Humor and Irony in The Adventures of Huckleberry Finn by Mark Twain

930 Words 4 Pages
“Persons attempting to find a moral in [this narrative] will be banished” (Twain 3). Just as his first lines in the novel, Mark Twain fills The Adventures of Huckleberry Finn with his signature style of humor and irony, which makes it one of the most influential works of American literature. This controversial novel relates the story of Huck, a rebellious white boy, and Jim, a black slave. Together they run away in the pursuit of freedom down the Mississippi River. When published, the novel received a lot of criticism for Twain’s implicit moral message; the novel is Twain’s indictment against racism.
Throughout the years, Huck Finn’s message has been misinterpreted as racist. In fact, according to John H. Wallace the narrative is
…show more content…
In order to understand Twain’s indictment against racism, one must comprehend the irony in the text. During the course of the narrative, Twain fools the reader by writing the opposite of what he actually means. For example, he made the duke and the King, who naturally would come from a “high place” (Twain 114), be miserable, white con men. Twain’s irony stands when Huck says:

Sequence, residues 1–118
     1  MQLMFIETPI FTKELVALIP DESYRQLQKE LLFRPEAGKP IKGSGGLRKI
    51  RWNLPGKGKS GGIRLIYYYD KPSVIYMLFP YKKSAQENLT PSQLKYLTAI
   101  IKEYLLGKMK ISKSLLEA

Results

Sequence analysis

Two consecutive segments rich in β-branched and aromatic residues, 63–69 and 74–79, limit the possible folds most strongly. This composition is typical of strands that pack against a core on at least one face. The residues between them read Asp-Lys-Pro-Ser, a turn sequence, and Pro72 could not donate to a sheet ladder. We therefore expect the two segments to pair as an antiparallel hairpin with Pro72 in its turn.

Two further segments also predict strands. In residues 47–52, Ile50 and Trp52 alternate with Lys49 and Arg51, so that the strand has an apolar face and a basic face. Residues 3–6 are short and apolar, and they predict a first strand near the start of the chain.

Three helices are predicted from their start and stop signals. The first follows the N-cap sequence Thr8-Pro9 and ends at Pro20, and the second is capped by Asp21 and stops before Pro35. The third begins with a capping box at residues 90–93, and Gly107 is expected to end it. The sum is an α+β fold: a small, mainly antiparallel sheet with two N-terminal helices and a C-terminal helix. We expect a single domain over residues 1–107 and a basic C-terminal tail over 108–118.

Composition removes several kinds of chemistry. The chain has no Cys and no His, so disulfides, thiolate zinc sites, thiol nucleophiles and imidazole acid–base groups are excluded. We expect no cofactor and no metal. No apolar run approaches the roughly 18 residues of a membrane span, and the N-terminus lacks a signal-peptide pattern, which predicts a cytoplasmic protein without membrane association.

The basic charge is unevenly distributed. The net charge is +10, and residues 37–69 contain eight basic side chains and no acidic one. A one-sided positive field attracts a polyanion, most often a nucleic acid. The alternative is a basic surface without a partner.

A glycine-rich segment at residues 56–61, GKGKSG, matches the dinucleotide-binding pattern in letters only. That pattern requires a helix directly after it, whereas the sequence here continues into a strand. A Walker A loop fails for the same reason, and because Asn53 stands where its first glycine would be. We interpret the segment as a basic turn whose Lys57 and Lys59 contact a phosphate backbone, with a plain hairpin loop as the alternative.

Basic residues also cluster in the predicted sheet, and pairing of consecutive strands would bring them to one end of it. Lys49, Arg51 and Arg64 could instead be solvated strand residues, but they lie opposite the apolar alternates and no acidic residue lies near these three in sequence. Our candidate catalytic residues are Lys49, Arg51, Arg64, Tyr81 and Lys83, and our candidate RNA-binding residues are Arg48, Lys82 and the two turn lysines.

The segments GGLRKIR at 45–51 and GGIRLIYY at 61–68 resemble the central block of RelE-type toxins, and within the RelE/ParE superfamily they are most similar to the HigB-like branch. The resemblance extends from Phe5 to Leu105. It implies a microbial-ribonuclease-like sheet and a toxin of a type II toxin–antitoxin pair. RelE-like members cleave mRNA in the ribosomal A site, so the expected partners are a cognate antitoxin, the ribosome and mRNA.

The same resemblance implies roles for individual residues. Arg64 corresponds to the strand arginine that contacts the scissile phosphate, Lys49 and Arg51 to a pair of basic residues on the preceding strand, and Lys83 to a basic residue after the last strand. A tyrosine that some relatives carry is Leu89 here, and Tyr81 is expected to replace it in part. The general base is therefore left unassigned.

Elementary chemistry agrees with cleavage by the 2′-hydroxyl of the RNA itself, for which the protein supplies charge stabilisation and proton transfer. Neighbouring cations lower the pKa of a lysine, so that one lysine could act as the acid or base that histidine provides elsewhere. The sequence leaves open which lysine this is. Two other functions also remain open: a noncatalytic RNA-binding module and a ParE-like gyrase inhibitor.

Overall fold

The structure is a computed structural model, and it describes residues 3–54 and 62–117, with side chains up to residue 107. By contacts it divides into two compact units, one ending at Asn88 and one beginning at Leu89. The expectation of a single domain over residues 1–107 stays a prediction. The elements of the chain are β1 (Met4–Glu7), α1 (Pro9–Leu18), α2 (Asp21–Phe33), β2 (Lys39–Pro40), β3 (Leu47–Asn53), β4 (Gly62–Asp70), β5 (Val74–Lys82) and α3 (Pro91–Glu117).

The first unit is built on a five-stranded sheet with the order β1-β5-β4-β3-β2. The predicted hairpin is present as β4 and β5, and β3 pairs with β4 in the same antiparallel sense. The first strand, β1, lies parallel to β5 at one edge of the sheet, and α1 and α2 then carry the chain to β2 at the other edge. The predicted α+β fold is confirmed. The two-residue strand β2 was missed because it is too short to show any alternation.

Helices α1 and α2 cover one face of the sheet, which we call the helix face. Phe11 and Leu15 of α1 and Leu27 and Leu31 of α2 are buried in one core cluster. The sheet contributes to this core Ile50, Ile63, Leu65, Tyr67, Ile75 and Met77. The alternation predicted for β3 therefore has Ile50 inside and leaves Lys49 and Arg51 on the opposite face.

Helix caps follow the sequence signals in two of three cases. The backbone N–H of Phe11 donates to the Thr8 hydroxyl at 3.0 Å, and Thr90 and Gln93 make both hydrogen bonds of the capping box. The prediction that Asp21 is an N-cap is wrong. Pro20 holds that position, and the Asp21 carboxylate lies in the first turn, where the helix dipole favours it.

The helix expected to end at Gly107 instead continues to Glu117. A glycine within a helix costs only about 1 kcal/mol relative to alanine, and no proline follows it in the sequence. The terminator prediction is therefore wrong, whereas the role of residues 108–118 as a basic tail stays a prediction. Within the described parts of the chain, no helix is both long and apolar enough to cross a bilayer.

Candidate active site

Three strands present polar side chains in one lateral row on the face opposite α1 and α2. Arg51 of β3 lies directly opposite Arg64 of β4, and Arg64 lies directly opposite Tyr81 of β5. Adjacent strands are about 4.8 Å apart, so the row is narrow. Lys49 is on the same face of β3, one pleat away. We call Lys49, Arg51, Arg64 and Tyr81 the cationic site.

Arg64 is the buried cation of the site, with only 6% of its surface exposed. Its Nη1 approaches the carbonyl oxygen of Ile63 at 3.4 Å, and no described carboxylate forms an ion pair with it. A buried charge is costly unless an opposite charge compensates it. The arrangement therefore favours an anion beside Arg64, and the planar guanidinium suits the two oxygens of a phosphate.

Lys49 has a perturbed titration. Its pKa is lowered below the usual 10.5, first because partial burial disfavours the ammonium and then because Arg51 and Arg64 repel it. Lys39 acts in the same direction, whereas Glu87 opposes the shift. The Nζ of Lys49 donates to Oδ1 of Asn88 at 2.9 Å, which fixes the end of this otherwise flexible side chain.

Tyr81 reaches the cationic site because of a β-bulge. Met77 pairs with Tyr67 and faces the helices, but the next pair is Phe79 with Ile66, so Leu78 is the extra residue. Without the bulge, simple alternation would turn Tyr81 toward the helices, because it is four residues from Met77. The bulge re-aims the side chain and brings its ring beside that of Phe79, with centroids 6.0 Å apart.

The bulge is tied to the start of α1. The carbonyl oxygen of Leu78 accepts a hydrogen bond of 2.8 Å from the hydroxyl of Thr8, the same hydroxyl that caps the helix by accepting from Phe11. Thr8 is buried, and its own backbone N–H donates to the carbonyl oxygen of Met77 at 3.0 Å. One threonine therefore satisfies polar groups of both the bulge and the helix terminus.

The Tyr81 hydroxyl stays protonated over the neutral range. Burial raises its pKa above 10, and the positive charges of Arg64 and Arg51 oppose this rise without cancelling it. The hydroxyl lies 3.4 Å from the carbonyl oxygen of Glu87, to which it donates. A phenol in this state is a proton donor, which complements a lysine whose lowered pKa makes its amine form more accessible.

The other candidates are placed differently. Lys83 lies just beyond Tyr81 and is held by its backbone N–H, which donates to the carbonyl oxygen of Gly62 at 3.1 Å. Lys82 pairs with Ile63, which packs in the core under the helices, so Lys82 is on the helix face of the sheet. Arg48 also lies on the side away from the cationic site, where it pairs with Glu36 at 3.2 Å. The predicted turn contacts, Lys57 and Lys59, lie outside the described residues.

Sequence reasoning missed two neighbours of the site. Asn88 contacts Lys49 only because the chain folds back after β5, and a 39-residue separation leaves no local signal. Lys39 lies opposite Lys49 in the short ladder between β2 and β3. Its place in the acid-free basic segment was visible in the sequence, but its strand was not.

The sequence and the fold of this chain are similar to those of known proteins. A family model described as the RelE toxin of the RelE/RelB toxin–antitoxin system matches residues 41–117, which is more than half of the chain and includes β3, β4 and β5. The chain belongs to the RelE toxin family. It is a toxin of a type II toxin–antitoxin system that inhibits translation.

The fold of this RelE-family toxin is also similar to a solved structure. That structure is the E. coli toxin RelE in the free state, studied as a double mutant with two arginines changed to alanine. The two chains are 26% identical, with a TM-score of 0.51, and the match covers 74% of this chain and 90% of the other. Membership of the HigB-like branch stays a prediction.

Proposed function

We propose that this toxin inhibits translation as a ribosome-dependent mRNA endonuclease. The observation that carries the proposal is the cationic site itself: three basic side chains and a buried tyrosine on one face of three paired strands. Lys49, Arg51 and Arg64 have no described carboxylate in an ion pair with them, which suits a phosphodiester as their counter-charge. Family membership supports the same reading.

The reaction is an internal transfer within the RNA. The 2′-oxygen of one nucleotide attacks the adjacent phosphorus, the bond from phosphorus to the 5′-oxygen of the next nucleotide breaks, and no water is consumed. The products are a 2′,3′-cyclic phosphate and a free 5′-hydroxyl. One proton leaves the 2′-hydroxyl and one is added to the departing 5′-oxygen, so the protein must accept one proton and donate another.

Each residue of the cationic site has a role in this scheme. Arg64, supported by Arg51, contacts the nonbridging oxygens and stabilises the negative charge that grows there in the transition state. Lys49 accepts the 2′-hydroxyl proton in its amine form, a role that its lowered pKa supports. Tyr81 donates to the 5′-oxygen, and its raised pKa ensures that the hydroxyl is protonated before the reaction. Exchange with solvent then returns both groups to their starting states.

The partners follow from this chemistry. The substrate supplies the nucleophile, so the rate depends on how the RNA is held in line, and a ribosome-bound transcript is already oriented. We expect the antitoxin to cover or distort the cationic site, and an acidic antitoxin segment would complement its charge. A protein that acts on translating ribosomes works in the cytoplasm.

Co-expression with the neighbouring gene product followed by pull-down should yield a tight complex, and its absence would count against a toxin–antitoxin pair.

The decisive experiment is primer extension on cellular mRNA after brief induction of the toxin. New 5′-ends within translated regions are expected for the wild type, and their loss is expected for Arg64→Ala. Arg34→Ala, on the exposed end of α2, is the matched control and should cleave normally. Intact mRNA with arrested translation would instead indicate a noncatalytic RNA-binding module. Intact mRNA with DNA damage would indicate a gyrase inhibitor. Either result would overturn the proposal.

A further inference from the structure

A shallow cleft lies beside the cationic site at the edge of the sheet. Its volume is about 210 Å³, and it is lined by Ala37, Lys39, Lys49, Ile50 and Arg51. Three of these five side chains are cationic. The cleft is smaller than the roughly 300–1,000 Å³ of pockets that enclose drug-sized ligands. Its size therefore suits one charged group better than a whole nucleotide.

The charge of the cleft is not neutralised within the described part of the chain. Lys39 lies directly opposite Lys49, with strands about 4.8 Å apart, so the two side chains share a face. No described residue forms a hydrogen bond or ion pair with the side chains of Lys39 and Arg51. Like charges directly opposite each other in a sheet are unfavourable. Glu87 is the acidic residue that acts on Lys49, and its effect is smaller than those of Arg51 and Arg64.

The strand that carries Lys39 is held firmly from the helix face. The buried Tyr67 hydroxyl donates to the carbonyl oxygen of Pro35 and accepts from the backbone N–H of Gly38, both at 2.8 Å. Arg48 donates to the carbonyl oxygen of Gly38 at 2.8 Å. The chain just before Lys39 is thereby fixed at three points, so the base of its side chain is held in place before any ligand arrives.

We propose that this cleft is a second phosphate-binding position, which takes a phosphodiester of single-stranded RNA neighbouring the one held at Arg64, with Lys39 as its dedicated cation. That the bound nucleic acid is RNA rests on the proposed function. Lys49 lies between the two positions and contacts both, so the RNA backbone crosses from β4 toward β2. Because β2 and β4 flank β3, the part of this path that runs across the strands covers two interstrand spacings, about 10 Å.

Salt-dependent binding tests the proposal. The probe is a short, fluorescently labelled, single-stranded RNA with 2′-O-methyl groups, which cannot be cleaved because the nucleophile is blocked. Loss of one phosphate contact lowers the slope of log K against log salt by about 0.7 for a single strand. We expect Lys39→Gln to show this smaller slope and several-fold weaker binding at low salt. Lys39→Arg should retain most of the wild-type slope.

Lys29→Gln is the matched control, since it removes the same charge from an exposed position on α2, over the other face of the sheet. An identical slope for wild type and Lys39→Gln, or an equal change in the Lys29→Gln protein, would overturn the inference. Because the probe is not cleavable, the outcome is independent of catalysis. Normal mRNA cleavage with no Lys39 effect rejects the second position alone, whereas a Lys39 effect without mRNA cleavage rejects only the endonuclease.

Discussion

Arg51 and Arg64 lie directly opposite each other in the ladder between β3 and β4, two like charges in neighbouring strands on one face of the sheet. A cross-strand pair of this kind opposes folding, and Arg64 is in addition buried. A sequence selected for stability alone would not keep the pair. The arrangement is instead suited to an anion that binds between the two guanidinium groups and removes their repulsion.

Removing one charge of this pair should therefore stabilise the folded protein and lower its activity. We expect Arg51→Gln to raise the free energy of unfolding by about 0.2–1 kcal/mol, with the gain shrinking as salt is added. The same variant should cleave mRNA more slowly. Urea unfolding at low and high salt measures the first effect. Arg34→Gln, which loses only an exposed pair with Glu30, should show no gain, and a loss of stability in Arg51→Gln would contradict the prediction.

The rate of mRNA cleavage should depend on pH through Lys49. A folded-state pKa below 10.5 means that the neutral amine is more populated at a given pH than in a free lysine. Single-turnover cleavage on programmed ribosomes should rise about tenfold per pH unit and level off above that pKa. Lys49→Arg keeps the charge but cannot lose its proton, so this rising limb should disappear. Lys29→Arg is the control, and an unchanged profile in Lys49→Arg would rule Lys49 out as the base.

The king he got the bag before I could think more than about a half a thought, and he never suspicioned I was around. They took and shoved the bag through a rip in the straw tick that was under the feather-bed, and crammed it in a foot or two amongst the straw and said it was all right now, because a nigger only makes up the feather-bed, and don’t turn over the straw tick only about twice a year, and so it warn’t in no danger of getting stole now. (Twain 162)
Twain intends to unveil the absurdity of the racial stereotypes by switching the roles of the Duke and King to thieves and the black slave to an honest and trustworthy man. Twain’s use of irony continues in the passage where Aunt Sally asks why Huck arrived late to the farm. Huck tells her that the steamboat blew out a cylinder head; when she learns that the accident only “killed a nigger”; she feels relieved “because sometimes people do get hurt” (Twain 201). The irony in this chapter exposes how a “sentimental, warmhearted woman” (Nichols 213) like Aunt Sally simply cannot care for, or acknowledge as a human being a black slave.

Related Documents